JPMorgan Chase earned much ire in May when CEO Jamie Dimon announced that the firm lost $2 billion gambling on credit derivatives, but now it appears his initial estimate vastly underestimated the true losses.
The bank’s losses could be closer to $9 billion, sources briefed on the situation told the New York Times. Dimon had initially said that losses could double in the coming quarters, but in recent weeks the bank has been swimming in red ink, the Times reported. The ever-worsening situation could hasten the bank’s exit from the money-losing trade, as it has already moved rapidly to clear itself of the most volatile assets, the report said.
While some analysts still believe the bank’s losses will not exceed $6 billion or $7 billion, JPMorgan Chase’s own projections paint a darker picture. The bank’s initial internal models initially showed that in the worst case scenario it would lose between $8 billion and $9 billion, but more recent models have put the losses at the high end of that projection, the Times reported.
JPMorgan Chase will give a clearer picture of the losses when it reports second-quarter earnings on July 13. But the bank could be facing more than just lost revenue, the Times reported, as Dimon’s own credibility is at stake. He has been a vocal opponents of regulatory changes that would end the type of high-risk trading that put JPMorgan Chase in the money-losing situation to begin with.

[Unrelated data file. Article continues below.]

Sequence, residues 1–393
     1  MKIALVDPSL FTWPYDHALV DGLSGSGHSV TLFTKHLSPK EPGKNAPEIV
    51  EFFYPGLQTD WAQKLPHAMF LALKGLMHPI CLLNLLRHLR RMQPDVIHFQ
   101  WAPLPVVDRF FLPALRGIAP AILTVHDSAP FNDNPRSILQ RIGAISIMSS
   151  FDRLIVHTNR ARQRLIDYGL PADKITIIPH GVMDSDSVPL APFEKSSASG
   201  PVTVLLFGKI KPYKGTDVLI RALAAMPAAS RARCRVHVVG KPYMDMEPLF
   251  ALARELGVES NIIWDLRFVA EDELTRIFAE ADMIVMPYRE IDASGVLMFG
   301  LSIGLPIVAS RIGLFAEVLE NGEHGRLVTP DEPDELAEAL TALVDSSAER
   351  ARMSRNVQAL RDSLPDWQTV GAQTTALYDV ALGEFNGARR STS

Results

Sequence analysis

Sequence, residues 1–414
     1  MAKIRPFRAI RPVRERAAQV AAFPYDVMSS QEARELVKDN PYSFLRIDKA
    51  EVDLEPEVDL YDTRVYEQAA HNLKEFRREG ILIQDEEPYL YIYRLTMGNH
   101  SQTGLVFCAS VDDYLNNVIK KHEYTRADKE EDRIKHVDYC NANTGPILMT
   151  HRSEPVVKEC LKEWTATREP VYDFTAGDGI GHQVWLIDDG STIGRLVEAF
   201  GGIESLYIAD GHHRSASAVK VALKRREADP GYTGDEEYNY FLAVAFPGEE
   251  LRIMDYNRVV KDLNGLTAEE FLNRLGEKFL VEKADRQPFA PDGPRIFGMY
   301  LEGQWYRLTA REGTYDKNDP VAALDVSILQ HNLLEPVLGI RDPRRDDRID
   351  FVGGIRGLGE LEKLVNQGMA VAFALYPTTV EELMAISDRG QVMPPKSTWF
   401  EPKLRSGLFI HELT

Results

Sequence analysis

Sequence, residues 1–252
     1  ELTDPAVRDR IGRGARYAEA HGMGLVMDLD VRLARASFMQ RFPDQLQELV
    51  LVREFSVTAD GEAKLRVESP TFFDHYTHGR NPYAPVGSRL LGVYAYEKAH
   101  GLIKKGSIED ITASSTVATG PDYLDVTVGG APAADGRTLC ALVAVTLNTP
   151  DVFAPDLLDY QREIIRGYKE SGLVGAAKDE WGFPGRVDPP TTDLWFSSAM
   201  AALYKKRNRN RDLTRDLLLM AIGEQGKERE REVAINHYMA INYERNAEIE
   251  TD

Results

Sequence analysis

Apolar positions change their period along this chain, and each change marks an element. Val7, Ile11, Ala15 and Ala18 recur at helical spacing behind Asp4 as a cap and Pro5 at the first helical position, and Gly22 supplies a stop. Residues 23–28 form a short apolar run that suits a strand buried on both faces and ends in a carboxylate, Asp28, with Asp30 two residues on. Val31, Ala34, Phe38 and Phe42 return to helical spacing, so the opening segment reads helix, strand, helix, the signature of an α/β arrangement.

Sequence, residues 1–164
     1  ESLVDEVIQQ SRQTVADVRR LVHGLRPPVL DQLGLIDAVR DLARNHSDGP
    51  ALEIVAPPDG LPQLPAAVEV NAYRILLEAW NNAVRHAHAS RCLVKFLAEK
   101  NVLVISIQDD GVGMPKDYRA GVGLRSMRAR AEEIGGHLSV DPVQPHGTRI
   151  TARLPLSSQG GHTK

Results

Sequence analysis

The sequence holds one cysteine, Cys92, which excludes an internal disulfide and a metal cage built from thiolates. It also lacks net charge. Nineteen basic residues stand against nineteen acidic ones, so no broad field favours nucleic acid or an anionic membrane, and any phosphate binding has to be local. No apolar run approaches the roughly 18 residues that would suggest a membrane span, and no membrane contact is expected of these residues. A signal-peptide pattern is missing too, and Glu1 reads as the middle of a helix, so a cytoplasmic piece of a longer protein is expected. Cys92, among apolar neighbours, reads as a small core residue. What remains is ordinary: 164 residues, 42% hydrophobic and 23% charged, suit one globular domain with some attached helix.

The bank’s loss came from trading in credit derivatives intended to hedge against financial risk, not make profit for the bank, the Washington Post reported. Instead the massive losses have raised fears that banks still pose a great threat to the nation’s financial system, just four years after these institutions hastened the financial crisis of 2008, the report said. Since news of the trade became public, JPMorgan Chase has lost about $23 billion in market value.
Even if the bank’s losses are better than worst-case projections, the public harm will not be undone, Paul Miller Jr., an analyst for FBR Capital Markets & Co., told the Washington Post.
“The bottom line is the reputation of (JP Morgan Chase) is hurt,” he said. “I don’t think people care if it is a $6 billion or $9 billion loss.”